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Euro privacy regulators sniff Italy's ChatGPT ban, consider a pizza the action

Germany may follow, France and Ireland look for guidance from Rome

As Italy suspends use of ChatGPT, other European Union countries are said to be interested in following suit over data privacy concerns.

Launched last year in November by OpenAI, ChatGPT reportedly became the fastest-growing internet app in history by attracting 100 million monthly active users in just two months. 

The non-intelligent, sentence-predicting bot can take instructions and prompts from users, and use them to produce corresponding slabs of prose, code, and other text output. It is far from perfect, however, and can produce offensive text, perpetrate bias, just get stuff plain wrong, and spread misinformation – like pretty much all large language models.

Italy's Guarantor for the Protection of Personal Data (GPDP) blocked OpenAI's website hosting the model last week. Officials are probing whether the software unlawfully collects data on citizens, and if the technology could harm minors under the age of 13. Italy thus became the first country to regulate ChatGPT, and others in the EU may follow suit.

Germany's federal commissioner for data protection and freedom of information, Ulrich Kelber, said the country could, in theory, also temporarily halt ChatGPT if it decides to probe whether the technology violates the European Union's General Data Protection Regulation (GDPR). Meanwhile, authorities in France and Ireland are keeping a close eye on Italy's investigation, Reuters reported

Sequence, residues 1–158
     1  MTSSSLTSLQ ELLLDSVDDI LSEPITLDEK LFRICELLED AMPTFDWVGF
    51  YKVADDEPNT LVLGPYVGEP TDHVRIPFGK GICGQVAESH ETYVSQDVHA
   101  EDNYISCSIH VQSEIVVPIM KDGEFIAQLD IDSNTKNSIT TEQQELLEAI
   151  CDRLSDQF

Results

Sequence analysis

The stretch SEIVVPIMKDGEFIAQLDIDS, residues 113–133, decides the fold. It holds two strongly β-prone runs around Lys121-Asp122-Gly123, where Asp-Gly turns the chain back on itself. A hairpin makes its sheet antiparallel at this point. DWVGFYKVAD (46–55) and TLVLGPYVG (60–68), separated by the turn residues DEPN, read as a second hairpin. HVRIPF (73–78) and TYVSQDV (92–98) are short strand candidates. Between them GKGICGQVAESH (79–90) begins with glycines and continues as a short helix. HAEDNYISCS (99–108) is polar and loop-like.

"We are following up with the Italian regulator," said a spokesperson for Ireland's data protection commissioner. "We will coordinate with all EU data protection authorities in relation to this matter."

Regulators in Spain said they have not received an official complaint about ChatGPT, and might launch their own probe in the future if necessary. Sweden, however, reportedly isn't planning to ban the software and hasn't contacted Italy's GDPD for any guidance. 

Some legal experts believe a crackdown on ChatGPT could mean other AI chatbots like Google's Bard or Microsoft's Bing (which relies on the same engine as ChatGPT) may also be scrutinized and regulated.

"Unlike ChatGPT, Google is more likely to have taken [privacy] into account already because of its history in Europe and because of the size of the organization," said Dessislava Savova, partner at law firm Clifford Chance. 

It's not clear how models like ChatGPT will be impacted by the upcoming EU AI Act – the legislation designed to regulate the development and deployment of AI in member state countries is still being debated. 

The bill is delayed as officials negotiate its final policies, hoping to strike a balance between regulating privacy and safety risks whilst supporting the technical development and economic potential of AI. ®

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